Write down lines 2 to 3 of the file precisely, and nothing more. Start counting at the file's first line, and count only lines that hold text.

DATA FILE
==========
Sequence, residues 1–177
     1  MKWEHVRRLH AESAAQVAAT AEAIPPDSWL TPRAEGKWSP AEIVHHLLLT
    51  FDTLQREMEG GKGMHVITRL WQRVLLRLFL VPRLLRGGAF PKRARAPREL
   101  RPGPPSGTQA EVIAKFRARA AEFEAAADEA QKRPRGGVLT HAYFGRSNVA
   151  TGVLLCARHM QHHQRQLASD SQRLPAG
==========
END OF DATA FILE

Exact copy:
     1  MKWEHVRRLH AESAAQVAAT AEAIPPDSWL TPRAEGKWSP AEIVHHLLLT
    51  FDTLQREMEG GKGMHVITRL WQRVLLRLFL VPRLLRGGAF PKRARAPREL